Rare Arteriovenous Malformation (AVM) of the Scalp: Why Finding the Right Specialist is Key
My name is Chris Verosky, and I would like to tell you about an experience I had with Gregory Levitin, MD. In the fall of 2013 I noticed a small bump on my forehead. At first, I thought nothing of it. After a few months my wife told me “why don’t you get that cyst removed?” At my next primary care check-up I mentioned it to my doctor. He recommended a general surgeon who shares his office. In April of 2014 I went to see the surgeon and he examined me. The prognosis was: “It is on the bone. I can do it as outpatient surgery. It will be covered by insurance.” Sounded easy enough. No medical imaging was done. Since my father had a cyst or two on his forehead, I figured it was just something I inherited from him.
The surgery was performed in June of 2014. As I woke up from the anesthesia, the surgeon debriefed me on the procedure. He said that he had been a surgeon for 37 years and had only seen this once before. The vein was directly connected to the artery. He thought he got it all. A sample was sent to the lab for analysis. At my two-week follow-up appointment when the bandages were removed, a small cyst had become an enormous lump approximately an inch and half in diameter. It was probably swelling though. More time was needed. I returned a month later as the swelling did not improve. He could do no more to help me and referred me to a plastic surgeon who might have experience with my condition. The lab sample revealed a diagnosis “ateriorvenuous malformation” or “AVM” for short.
Many Google searches later I arrived at a website called “avmsurvivors.org.” I read through many posts and resource lists. Four things struck me when searching this site: 1) many people realize they have an AVM as a result of another procedure, 2) AVMs are difficult to treat and recurrence is common, 3) if not treated correctly they can be made worse, and 4) you need an experienced doctor for your best chances for success.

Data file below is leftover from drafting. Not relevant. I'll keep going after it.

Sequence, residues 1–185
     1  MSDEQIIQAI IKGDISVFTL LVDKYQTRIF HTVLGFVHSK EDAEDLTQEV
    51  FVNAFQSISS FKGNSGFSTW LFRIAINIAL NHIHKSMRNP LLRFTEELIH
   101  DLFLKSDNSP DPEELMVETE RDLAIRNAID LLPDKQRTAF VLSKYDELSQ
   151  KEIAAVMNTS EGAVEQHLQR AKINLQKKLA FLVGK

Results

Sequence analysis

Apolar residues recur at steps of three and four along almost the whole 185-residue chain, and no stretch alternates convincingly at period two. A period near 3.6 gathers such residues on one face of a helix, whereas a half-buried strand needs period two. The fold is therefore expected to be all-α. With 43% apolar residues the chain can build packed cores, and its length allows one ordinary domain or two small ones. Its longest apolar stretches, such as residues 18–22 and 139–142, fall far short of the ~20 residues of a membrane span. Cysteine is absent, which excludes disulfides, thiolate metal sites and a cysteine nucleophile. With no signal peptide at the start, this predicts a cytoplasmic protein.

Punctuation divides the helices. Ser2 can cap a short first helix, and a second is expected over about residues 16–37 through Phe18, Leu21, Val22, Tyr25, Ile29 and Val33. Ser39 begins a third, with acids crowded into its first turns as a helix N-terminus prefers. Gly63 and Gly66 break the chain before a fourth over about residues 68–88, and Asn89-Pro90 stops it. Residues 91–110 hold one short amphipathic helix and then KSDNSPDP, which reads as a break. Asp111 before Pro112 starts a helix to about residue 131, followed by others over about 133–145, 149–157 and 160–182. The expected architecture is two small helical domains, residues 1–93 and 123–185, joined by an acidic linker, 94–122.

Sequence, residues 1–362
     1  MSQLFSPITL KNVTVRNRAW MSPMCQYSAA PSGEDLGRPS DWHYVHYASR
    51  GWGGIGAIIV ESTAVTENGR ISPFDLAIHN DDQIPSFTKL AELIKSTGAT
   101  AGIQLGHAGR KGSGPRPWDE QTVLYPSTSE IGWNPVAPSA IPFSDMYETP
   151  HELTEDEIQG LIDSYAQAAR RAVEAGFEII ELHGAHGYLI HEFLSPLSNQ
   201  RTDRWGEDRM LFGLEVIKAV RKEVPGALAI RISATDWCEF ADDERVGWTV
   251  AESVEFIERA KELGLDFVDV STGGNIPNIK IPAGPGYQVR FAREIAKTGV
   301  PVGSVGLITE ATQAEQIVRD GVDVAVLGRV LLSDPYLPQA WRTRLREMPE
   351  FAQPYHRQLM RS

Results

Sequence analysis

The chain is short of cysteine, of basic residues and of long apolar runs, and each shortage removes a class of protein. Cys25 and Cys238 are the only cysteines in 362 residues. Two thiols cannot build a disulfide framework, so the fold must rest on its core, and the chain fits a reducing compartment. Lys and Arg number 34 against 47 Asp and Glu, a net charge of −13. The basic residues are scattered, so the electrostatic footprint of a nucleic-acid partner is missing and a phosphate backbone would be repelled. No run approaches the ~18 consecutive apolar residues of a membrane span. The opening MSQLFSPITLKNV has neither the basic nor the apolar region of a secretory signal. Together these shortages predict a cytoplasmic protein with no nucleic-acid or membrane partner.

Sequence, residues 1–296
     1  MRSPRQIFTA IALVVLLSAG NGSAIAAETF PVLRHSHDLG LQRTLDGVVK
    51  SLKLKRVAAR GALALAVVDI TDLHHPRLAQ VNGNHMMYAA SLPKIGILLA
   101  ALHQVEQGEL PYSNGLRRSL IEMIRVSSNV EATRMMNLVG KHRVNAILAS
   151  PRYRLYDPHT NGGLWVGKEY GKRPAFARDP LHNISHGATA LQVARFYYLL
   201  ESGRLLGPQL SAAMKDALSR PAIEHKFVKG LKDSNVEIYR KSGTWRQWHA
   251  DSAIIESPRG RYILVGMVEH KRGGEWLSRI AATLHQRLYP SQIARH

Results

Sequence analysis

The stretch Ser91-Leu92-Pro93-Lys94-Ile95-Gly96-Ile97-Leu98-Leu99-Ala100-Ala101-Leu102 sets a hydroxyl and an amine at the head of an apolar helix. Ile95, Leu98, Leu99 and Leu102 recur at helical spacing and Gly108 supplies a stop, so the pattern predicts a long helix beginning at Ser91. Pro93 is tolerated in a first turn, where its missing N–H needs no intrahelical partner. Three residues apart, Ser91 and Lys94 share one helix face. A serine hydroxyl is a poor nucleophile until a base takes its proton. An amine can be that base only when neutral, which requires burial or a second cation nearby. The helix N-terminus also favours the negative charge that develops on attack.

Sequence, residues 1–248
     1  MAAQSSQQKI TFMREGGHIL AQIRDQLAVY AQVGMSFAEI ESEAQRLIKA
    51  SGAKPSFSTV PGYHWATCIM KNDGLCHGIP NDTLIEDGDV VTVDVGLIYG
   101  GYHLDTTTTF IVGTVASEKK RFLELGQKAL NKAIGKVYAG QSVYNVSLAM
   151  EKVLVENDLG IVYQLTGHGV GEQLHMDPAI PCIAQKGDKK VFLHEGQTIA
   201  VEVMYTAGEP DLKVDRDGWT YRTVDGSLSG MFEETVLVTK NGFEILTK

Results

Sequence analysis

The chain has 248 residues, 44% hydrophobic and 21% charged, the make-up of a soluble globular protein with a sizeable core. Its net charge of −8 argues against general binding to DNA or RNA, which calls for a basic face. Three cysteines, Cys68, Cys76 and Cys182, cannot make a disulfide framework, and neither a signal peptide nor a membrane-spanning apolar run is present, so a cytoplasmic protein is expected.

The closest doctors to me with experience with this condition were in New York City. Thankfully, that is only a one-hour car ride to the train station and a 2-hour train ride to Grand Central terminal from my home. I snapped a few pictures and e-mailed Dr. Gregory Levitin. He had good recommendations on the website I had found, was located close to my home, and accepted my insurance carrier. He e-mailed me back a day later saying, “I can help you with this”.
For the past three months I had been wearing a baseball cap even to work to hide the large mound on my forehead. I felt extremely foolish for letting an unnecessary operation get so out of control. But now there was some hope. Dr. Levitin directed me to get some MRI and CAT scans done so that he could determine the extent of the AVM. I visited him in September of 2014. He recommended that he be the “quarterback” of my treatment team. I visited two other excellent doctors in Manhattan: Raj Shrivastava, MD, in the Department of Neurosurgery at Mount Sinai, and Rafael Ortiz, MD, of Lennox Hill.
The three doctors collaborated and formed a plan to be put into action on December 1, 2014. First, Dr. Ortiz conducted a procedure where he used an adhesive to shunt a vein feeding the AVM. I had to stay in the hospital overnight for observational purposes. The next day, escorted by my wife, I changed hospitals, where Dr. Levitin removed the AMV and Dr. Shrivastava put a small piece of titanium mesh in my head so that the contour of my skull would remain the same. Dr. Levitin made the incision such that the scar would match the lines on my forehead. I did not need to stay in the hospital the second night. One week later a drain and stitches were removed.
This time the swelling went away. The lump was gone. I have had regular checks for the past 18 months and there is no evidence of recurrence. Thanks to Drs. Levitin, Ortiz, and Shrivastava, I have to use sun tan lotion on my face and head!
- Chris Verosky